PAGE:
Minority Broadcasters At Odds With Arbitron’s PPM Again


Arbitron’s Personal People Meter (PPM) is one of the most controversial and embattled pieces of measurement technology that I know of.  Touted at its introduction as the wave of the future for measuring radio listenership and audience demographics, its accuracy has been consistently challenged since its introduction. It has been the subject of civil lawsuits against Arbitron by the attorney generals of New York, New Jersey and Maryland. It has also been the subject of both FCC and Congressional hearings concerning its accuracy, particularly in the realm of minority broadcasters.

Minority broadcasters are so concerned about the PPM that in 2008 they formed their own lobbying group, The PPM Coalition, composed of the Spanish Broadcasting Sytem, Entravision, Univision Radio, ICBC Broadcast Holdings, Border Media Holdings, the National Association of Black Owned Broadcasters, the Minority Media and Telecommunications Council, the Spanish Radio Association, and the Association of Hispanic Advertising Agencies.

Now the conflict over Arbitron’s sampling methodologies is ramping up yet again in the form of a court battle brewing between the ratings agency and PPM Coalition member The Spanish Broadcasting System (SBS). Eric Sass at Media Daily News reports:

SBS signed a contract with Arbitron for radio audience measurement by PPM, a passive electronic measurement device, in June 2007, including a requirement that SBS encode its audio signals so they can be measured by PPM. [Note: this was before the minority sampling controversy began. –GW]

SBS then pushed for a credit from Arbitron based on a contractual clause concerning minimum audience sample sizes. Arbitron refused and SBS stopped paying. The battle was now fully joined. Sass continues:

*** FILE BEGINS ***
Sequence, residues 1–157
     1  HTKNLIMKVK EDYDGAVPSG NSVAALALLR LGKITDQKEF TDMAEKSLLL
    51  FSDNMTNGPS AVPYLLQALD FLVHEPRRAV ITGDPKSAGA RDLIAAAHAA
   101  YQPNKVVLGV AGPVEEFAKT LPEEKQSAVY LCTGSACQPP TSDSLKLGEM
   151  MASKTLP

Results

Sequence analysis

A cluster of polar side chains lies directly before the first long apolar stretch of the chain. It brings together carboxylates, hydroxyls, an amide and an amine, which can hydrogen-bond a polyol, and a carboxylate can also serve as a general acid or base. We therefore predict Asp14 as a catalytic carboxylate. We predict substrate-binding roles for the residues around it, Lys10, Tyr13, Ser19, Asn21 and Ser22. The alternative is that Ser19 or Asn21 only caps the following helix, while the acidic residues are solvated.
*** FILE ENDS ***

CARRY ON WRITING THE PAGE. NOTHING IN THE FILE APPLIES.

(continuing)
On Feb.4, SBS stopped encoding its audio signals in New York, Miami, Chicago, L.A. and San Francisco. On Feb. 11, Arbitron responded by obtained a restraining order from the New York State Supreme Court requiring SBS to begin encoding for PPM again. At a second hearing on Feb. 16, the court confirmed that SBS must continue encoding for PPM measurement, at least for the time being.

Looks like rocky client relations if you ask me. Now that things have entered the courtroom, the fur is beginning to fly. SBS is challenging the legality of their prior Arbitron contracts stating that they had the PPM measurement system forced upon them with no assurance of accuracy or quality. At the same time, the PPM Coalition is pushing the FCC to open an inquiry into the PPM.

Arbitron has a good bit at stake here if the SBS wins and no longer have to encode for the PPM that removes a large chunk of data from the Arbitron reports, devaluing the PPM data as a whole. In the meantime, Nielsen is still pushing into the American radio measurement industry and each bit of bad publicity for Arbitron is a boon to their expanding efforts.

Looks like it’s going to be one heck of a year in the measurement industry! Stay tuned!

Image: Arbitron Logo / Fair Use: reporting


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